The second theory concerns “contagion pressures” whereby the practice of nominating female candidates spreads faster among parties in PR systems. This is because the cost of nominating female candidates is lower under PR systems - due to higher district magnitudes, nominating a woman does not require denying a male candidate. Furthermore, the benefits of this strategy are higher under PR systems as a small increase in vote share from fielding a female candidate translates into more seats. Matland & Studlar (1996) compare Canada (FPTP system) and Norway (PR system) and finds empirical evidence of contagion pressures to field female candidates in Norwegian districts but this is not observed in Canada.

Thames and Williams (2010) provide evidence of another channel through which PR systems promote greater women’s representation in legislature. They argue that PR systems increase women’s representation by fostering a party-centred system where candidates are weakly incentivised to appeal to personal votes4. This provides central party leadership with influence and control to appoint female candidates to run for elections.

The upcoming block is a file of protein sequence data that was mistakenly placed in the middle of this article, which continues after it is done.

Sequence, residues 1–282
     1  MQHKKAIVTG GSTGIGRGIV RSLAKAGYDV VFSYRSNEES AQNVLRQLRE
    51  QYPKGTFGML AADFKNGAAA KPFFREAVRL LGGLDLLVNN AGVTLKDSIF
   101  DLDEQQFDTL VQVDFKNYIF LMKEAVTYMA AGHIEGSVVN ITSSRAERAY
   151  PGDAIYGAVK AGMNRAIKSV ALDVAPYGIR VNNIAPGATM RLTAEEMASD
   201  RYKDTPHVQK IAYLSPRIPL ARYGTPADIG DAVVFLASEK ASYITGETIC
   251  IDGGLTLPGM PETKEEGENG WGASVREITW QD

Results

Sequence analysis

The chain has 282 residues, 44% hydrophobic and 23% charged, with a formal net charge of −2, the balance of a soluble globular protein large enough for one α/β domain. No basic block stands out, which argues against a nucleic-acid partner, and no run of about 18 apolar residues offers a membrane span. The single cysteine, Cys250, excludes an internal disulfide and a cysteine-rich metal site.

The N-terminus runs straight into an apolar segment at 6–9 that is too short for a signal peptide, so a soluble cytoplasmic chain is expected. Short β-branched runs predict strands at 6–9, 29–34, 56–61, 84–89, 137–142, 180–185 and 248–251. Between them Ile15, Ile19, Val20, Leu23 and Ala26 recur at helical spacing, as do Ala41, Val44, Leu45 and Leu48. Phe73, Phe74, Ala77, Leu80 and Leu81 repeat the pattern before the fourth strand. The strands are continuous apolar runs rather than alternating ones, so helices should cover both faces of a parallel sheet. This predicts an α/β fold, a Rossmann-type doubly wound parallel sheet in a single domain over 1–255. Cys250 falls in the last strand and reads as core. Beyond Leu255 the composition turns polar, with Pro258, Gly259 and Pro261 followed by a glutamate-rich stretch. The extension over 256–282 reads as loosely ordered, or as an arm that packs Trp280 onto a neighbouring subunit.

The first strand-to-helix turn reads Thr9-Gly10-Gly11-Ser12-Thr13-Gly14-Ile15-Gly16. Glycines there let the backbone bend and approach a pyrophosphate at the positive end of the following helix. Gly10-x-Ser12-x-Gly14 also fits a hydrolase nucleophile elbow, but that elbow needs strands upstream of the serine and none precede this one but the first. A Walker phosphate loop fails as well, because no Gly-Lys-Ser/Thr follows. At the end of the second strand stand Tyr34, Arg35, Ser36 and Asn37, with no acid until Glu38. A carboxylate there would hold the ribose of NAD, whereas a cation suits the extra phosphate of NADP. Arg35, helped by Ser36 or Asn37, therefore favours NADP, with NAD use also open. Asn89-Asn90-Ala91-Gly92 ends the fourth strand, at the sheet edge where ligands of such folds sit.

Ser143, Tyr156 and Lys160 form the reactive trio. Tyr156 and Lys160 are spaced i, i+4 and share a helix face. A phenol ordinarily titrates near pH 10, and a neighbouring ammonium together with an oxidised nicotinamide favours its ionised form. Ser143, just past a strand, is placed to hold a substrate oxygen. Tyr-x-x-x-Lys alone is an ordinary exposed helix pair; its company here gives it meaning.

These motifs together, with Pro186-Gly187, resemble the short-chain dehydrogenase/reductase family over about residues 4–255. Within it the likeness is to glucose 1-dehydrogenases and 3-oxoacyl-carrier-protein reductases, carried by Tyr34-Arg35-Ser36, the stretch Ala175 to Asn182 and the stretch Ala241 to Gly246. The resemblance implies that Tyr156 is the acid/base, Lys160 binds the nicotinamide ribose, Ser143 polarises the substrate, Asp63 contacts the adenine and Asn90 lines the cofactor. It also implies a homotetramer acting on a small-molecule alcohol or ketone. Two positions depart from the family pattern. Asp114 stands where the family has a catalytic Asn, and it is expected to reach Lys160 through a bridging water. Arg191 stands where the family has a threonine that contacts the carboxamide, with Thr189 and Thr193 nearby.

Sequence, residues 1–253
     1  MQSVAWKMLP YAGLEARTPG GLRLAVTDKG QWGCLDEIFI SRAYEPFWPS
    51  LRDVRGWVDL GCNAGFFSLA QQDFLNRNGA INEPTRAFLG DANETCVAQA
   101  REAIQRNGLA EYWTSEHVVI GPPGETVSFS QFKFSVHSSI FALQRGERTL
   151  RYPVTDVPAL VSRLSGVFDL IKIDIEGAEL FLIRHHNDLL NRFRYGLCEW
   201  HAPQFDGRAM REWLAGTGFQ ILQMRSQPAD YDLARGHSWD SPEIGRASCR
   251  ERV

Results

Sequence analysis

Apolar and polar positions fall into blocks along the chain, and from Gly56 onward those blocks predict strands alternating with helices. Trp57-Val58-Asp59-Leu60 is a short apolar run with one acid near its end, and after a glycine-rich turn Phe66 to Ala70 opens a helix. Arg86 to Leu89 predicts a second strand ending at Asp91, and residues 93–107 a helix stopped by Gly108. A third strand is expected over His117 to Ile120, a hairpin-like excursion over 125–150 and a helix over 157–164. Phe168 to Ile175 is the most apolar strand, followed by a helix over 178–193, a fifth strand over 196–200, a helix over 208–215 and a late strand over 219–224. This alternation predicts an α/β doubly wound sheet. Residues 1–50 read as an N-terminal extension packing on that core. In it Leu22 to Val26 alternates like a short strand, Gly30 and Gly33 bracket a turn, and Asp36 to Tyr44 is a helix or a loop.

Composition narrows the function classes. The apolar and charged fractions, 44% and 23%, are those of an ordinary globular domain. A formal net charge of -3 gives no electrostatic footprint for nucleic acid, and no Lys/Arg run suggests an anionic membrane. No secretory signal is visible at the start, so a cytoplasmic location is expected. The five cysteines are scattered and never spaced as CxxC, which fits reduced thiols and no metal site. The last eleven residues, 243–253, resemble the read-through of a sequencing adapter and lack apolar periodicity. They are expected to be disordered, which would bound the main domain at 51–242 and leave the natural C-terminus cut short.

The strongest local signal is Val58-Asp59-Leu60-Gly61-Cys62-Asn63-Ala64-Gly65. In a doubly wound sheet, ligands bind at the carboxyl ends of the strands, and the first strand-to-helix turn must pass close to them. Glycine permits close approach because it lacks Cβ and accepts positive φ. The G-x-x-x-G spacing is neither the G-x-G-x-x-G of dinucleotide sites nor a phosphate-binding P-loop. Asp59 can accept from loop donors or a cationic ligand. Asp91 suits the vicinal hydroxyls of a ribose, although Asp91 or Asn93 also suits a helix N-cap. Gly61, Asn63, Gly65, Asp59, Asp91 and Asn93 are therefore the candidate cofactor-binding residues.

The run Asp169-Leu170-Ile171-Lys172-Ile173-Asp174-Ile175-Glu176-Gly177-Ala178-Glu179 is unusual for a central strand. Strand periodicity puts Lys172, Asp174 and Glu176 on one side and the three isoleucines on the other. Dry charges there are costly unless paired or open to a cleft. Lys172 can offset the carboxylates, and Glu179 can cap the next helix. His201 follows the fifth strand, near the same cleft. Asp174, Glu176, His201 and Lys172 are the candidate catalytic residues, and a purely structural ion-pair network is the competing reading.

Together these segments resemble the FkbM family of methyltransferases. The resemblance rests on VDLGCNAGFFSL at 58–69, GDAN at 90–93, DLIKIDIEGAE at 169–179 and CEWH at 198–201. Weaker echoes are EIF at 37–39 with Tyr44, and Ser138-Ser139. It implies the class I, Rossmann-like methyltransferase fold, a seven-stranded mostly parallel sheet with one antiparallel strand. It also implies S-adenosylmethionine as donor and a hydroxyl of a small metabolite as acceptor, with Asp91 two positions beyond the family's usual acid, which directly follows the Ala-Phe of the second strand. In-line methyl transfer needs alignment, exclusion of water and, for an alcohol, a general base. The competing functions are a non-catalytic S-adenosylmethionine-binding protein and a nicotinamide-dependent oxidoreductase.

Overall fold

Electoral thresholds also influence women’s representation. Matland & Taylor (1997) study the effects of electoral thresholds on women’s representation in the Costa Rica legislature. They show that electoral thresholds disfavour small parties who would otherwise have fielded few, mainly male candidates and favour the election of female candidates from larger parties.


In choosing between FPTP and PR systems, one faces a trade-off between “representation of voters’ preferences and accountability of governments” (Carey & Hix, 2011). Although PR systems are good for ensuring a party’s parliamentary seat share matches its vote share, it is weaker than FPTP systems in electoral accountability.